There is nothing wrong with borrowing cash for emergencies. At some point, most individuals may have no way out other than applying for a loan or debt. But when swiping credit cards and scrounging for cash from lenders becomes a habit, red flags should be raised. Being in debt may appear harmless on the surface, but it can cause damages on both financial stabilities and relationships of individuals.
(Courtesy of VectorPortal)
Credit cards are prime motivators of living beyond your means.
What makes credit cards so alluring to consumers is the ability to acquire all the things they need without worrying about their budget. Initially, it would feel like getting everything for free.
But no one is spared from the hefty burden of dealing with the payments. You may be in an emotional high from carefree shopping sprees, but your debt will eventually catch up with you and possibly eradicate your savings up to the last cent. That is, if you allow yourself to drown even deeper on a pool of credits.
And when you failed to set aside cash to pay for all the items bought, you are in a big trouble.
Remember that there is a catch to the credit card system. Truth is, you may end up paying more than you should. This is because of the interest rates that add up to the bills. The longer span of time that takes you to pay the debt, the higher interest you have to pay.
Here are more reasons why you should stay out of debt, and scratch away the frequent use of credit cards:
Debt can potentially consume a large portion of your future profits.
In principle, using a credit card and paying for the purchases on a monthly basis entails advancing the expenses that you could have made in the future. The same holds true in borrowing or loaning cash.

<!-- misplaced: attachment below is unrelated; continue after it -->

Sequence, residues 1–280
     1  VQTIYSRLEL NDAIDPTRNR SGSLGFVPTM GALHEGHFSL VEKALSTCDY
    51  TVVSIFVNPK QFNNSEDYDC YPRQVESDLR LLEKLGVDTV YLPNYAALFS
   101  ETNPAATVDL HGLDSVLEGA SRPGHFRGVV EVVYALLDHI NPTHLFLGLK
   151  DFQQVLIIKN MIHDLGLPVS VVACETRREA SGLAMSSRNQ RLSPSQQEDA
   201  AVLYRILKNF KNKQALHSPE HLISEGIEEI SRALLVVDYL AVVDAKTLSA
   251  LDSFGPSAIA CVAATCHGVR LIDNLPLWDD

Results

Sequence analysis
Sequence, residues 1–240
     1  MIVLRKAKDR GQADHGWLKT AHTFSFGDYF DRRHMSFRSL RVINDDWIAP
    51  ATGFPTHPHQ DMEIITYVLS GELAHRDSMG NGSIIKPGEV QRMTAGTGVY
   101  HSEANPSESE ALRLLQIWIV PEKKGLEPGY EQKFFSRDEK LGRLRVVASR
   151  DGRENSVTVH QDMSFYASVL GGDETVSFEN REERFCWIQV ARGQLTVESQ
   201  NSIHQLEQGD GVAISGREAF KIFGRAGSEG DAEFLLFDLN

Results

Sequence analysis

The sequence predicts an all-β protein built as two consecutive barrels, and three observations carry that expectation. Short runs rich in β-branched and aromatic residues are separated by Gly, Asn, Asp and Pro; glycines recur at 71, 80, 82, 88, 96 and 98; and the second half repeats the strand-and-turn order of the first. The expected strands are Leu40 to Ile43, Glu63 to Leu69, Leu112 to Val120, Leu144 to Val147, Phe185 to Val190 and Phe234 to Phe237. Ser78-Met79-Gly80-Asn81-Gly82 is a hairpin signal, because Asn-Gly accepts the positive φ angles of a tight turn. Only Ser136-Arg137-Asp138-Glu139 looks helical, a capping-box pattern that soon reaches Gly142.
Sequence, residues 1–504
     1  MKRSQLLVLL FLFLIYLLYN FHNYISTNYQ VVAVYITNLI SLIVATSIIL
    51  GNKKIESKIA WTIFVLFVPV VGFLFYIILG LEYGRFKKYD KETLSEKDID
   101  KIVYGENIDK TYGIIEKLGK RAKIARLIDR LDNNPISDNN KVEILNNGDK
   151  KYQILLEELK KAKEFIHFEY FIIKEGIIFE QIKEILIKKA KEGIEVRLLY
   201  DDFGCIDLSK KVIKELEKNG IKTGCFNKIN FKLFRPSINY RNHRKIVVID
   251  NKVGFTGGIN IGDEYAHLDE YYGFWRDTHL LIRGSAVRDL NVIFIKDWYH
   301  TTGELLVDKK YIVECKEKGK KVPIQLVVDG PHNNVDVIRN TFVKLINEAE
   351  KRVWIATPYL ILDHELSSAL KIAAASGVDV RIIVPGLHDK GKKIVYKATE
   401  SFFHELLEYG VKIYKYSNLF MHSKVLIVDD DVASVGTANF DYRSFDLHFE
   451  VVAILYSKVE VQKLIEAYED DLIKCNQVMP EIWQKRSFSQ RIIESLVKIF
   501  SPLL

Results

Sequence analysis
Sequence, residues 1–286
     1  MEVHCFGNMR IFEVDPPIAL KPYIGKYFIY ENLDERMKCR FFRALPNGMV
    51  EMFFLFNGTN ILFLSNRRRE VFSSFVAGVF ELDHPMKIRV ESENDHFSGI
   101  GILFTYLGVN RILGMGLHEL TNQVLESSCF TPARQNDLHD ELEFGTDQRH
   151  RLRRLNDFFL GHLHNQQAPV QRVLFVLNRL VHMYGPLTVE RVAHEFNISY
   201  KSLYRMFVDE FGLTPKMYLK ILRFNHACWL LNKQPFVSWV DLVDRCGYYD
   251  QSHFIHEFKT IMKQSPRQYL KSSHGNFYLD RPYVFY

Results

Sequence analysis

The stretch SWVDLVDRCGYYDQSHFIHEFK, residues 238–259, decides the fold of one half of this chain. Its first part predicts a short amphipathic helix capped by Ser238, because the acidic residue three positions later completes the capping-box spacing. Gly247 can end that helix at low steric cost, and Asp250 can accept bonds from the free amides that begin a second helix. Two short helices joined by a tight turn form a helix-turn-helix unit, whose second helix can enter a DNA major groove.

The bills eventually piles up and you’ll be saddled after some time. Plus, you may find yourself paying for items that are no longer valuable after several months.
Credits can rob your earmarked budget.
This is worth reiterating: debt causes you to pay more than you should. Suppose you charged $2,000 on your credit card at 11% interest. On top of the original price, you will be paying an extra $1,400. Talk about money going down the drain. Even if you increase the cash you pay monthly, you will still be paying a lot more than the principal cost of money you borrowed.
Debt damages your financial stability.
Borrowing money means you have to set aside a portion of your monthly income, which could have been used in paying other necessities. The bigger the debt, the lesser liberty you have in spending for other things. Needless to say, you pay 12 months for items that are only relevant for several weeks. Debt also keeps you from fattening your savings account. On worst case scenarios, you may even need to withdraw your money from the bank to pay for your debts.
Credits can cost you a home, a car, insurance and a job.
Here is where the situation turns shoddier. Lenders and credit companies keep a record of your debt and how often you pay the bills. Not depositing payments on a regular basis can lead to having bad credit score – a big blotch on your credibility. Applying for loans therefore becomes difficult as creditors would think twice before lending cash to someone who failed to settle his last debts.
Credit histories are also reviewed by employers, especially when the company’s operation and transactions involve money. Nobody would entrust the business’ resources to an employee who can’t even manage his own finances.
Debt can break relationships.
Dealing with debts can be stressful. It diverts your attention and energy from your family and friends towards money matters. Couples may also have frequent arguments about who’s responsible for paying the debts and other expenses inside the house.
Broken marriages because of debt are no longer news. Crimes and suicides committed because of piled up credits (no matter how taboo) has also became a usual talk of the town. Most blame it to the wrath the borrowers feel towards crude lenders. Still, mismanaged finances because of debts are the root of it all.